BP will make 7,500 of its planned global job cuts compulsory after roughly 2,500 workers applied for voluntary redundancy, according to a news report.
Reuters produced the figures, citing an internal company memo and BP sources, after the firm announced plans for 10,000 global job cuts earlier this year.
One in 10 applied for voluntary severance, Reuters said, with sources telling the news agency that 10% was a “good turnout” for BP.
Compulsory job cuts will now be based on internal rankings and scores.
Reuters said BP confirmed the voluntary redundancy figure, with a spokesperson saying “we expect the process to complete and for all staff to know their positions in the coming months”.
BP announced plans for 10,000 job cuts back in June following hefty pre-tax losses brought on by Covid-19 wiping out fuel demand.
The oil giant has said the move will help “reinvent” BP for the energy transition, with CEO Bernard Looney saying last week the pandemic had “accelerated, but not dictated” that decision.
Reuters reported the memo showed that 2,500 people applied for voluntary redundancy, out of 23,600 eligible, including 500 senior roles.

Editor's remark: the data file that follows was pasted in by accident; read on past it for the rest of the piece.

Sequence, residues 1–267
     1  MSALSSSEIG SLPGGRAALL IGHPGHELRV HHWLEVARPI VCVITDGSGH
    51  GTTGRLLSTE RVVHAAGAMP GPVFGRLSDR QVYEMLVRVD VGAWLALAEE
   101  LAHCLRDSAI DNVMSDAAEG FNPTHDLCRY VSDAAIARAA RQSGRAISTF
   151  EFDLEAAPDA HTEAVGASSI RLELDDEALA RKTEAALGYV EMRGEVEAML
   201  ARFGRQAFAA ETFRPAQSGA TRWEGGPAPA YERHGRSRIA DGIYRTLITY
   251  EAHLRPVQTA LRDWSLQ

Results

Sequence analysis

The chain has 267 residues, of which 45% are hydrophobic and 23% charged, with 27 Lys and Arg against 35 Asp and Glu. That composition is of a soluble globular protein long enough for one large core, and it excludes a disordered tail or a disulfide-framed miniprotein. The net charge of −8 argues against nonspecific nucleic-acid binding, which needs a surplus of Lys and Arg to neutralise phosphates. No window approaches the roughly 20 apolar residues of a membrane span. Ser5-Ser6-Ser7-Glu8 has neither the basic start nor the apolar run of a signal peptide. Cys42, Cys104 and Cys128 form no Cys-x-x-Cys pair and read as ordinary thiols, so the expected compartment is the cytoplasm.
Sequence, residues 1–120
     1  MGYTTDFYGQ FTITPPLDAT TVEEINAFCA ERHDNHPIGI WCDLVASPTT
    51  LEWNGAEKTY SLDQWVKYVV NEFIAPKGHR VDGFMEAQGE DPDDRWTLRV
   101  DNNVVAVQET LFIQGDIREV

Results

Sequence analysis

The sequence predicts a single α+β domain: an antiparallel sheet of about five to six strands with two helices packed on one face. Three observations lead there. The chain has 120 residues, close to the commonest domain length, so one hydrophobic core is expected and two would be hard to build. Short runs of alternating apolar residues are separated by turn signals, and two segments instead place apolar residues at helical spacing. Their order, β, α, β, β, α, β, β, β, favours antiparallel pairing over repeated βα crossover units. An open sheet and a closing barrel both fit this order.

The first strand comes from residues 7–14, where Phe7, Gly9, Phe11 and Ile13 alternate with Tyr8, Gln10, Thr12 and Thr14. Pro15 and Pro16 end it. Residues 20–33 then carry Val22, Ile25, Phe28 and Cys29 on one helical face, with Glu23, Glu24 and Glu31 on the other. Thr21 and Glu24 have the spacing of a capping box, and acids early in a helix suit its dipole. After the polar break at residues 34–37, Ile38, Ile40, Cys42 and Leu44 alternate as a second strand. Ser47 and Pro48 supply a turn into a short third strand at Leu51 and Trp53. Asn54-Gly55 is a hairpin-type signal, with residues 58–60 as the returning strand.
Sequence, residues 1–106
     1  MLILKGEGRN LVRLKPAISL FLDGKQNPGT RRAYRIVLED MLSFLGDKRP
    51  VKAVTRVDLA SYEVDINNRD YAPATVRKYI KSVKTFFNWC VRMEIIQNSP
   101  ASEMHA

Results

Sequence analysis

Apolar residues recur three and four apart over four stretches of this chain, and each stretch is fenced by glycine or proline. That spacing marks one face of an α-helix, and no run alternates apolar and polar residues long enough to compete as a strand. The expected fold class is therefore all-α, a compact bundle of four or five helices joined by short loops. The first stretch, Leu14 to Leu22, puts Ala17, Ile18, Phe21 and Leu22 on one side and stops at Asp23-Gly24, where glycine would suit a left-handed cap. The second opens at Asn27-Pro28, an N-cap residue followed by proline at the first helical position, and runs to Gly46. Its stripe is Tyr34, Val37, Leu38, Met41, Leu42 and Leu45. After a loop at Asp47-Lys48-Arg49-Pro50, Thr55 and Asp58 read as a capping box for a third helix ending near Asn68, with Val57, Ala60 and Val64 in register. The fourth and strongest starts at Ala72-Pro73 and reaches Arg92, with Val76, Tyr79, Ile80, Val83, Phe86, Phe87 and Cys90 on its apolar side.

Around 2,000 UK workers are expected to be among the 10,000 global total – Aberdeen and London are the oil firm’s biggest UK offices.
A source told Reuters there would be challenges for long-time oil and gas staff filling new roles in renewables – with chances “minimal” of an oil reservoir engineer retraining for solar panels, for example.
BP has said the majority of cuts will be “office-based” and made this year.
Bernard Looney pledged in August that BP would cut oil production by 40% within 10 years and increase renewables investment.
However, the oil major’s share price has recently dropped to a 25-year low due to scepticism over the plan, with opportunistic investors going “bargain hunting” for BP stocks, according to Hargreaves Lansdown.
Rival energy firm Shell is also planning up to 9,000 job cuts.